Legislation authored by Representative Nydia M. Velazquez (D-New York) would significantly strengthen reporting requirements for hedge funds.
Velazquez, who describes hedge funds as large privately organized, pooled investment vehicles not available to the public whose primary investors are wealthy individuals or institutions, says the “Hedge Fund Sunshine Act” (H.R. 3921) comes as media reports repeatedly link hedge funds to the ongoing financial crisis in Puerto Rico.
The bill is the latest move attempting to bring more clarity to the alternative investment industry, which is coming under increasing scrutiny. In 2010, the SEC approved a rule mandating hedge fund and private equity managers to register with the agency and be subject to surprise examinations. The Government Accountability Office (GAO) in 2011 stated that hedge funds and private equity investments pose a number of risks and challenges beyond those posed by traditional investments. More recently, a participant in retirement plans sponsored by Intel Corporation filed a lawsuit claiming its custom target-date funds were too heavily invested in private equity and hedge fund investments, making the funds too risky.
Using Puerto Rico and auto manufacturers as examples of financial opportunism, Velazquez called hedge funds predators that profit from financially distressed entities. “By giving the public and regulators a better sense of hedge funds’ activities, we can finally begin holding this secretive industry accountable for its actions,” Velazquez said in a statement.
Hedge funds are now required to file with the Securities and Exchange Commission (SEC) when they acquire ownership of more than 5% of a class of equity securities. Velazquez’s bill would lower that threshold to 1%, giving the public and the SEC with a better sense of funds’ holdings and financial positions.
H.R. 3921 would also institute a new quarterly reporting requirement for all securities—fixed income as well as equity—in which funds hold a 1% or greater ownership stake. This would mean that, for the first time, these funds would publicly report on their larger debt holdings, such as the significant stake many funds are suspected of holding in Puerto Rico’s debt. These requirements would also take into account derivatives like options and swaps, financial instruments Velazquez says are often used to skirt reporting requirements.NEXT: A $3 trillion industry that operates with minimal oversight.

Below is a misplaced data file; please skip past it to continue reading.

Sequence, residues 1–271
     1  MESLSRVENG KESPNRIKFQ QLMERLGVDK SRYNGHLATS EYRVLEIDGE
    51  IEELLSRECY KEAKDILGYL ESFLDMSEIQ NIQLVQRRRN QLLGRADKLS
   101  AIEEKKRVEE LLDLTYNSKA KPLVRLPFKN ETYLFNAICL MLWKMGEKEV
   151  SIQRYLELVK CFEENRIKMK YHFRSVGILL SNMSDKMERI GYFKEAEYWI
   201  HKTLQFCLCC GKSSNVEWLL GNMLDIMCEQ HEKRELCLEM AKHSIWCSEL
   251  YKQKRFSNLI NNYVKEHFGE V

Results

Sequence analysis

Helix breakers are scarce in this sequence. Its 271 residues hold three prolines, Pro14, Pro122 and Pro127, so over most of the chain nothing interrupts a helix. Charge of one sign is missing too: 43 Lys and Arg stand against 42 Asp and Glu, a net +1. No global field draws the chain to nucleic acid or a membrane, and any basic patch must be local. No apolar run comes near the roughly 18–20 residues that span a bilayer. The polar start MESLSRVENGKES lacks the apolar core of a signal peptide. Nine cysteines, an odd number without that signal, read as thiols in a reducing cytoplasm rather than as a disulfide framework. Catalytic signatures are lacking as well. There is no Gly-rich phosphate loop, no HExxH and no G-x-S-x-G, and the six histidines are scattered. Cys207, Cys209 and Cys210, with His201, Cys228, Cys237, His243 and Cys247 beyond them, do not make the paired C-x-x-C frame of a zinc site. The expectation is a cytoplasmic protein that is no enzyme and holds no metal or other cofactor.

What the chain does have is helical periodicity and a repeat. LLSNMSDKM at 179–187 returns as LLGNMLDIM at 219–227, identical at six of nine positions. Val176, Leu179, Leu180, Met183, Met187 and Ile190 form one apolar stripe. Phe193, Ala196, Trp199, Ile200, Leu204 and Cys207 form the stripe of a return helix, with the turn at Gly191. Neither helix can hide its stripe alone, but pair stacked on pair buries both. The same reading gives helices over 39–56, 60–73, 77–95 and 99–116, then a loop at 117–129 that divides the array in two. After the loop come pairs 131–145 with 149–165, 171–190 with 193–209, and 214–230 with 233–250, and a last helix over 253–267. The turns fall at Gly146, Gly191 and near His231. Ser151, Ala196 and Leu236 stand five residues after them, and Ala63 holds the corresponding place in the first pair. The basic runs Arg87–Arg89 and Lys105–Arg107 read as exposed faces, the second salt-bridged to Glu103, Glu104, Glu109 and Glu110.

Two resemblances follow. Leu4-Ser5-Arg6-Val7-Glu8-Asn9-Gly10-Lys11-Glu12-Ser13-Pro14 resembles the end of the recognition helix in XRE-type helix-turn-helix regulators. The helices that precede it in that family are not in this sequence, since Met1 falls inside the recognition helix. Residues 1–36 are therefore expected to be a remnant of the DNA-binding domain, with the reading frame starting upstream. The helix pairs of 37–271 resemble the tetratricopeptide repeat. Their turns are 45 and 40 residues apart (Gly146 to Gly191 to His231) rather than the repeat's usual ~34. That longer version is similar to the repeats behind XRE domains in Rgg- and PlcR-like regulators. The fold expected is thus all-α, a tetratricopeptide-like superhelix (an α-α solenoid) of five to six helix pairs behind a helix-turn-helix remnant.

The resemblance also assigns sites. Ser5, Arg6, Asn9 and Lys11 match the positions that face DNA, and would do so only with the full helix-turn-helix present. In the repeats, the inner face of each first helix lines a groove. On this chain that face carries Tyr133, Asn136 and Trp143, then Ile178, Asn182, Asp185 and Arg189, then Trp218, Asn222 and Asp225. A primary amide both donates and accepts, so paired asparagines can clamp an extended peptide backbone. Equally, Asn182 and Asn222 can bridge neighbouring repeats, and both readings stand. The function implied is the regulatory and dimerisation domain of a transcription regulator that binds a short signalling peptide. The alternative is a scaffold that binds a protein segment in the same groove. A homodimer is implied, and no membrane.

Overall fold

“Hedge funds constitute a $3 trillion industry with enormous impact on capital markets, corporations, local governments and, ultimately, working families’ lives,” Velazquez stated. “Yet, due to loopholes in existing law, they operate largely in the shadows, avoiding scrutiny.”
Estimates range widely as to how much of Puerto Rico’s debt is currently held by hedge funds, but some media outlets have suggested hedge funds could control as much as 50% of the island’s financial obligations. Through this outsized role, many funds have been pushing for greater austerity managers and against extending bankruptcy protections to the island.
“Rather than working to help resolve Puerto Rico’s financial crisis in a fair, orderly fashion, these funds are lobbying to cut basic services that 3.5 million American citizens in Puerto Rico rely upon,” Velazquez noted. “It is time we take a clear-eyed look at the effect these funds are having on Puerto Rico and on other parts of our nation’s economy.”
Velazquez’s bill received wide support from a range of advocacy and labor groups including: Americans for Financial Reform; AFL-CIO; AFSCME; Make the Road New York; Strong Economy for All Coalition; Center for Popular Democracy; and Hedge Clippers. The bill, which is being introduced this week, is expected to be referred to the House Committee on Financial Services, of which Velazquez is a senior member.
“This bill will allow regulators and the public to see exactly what role these funds are playing in Puerto Rico’s financial crisis and in our broader economy,” Velazquez said.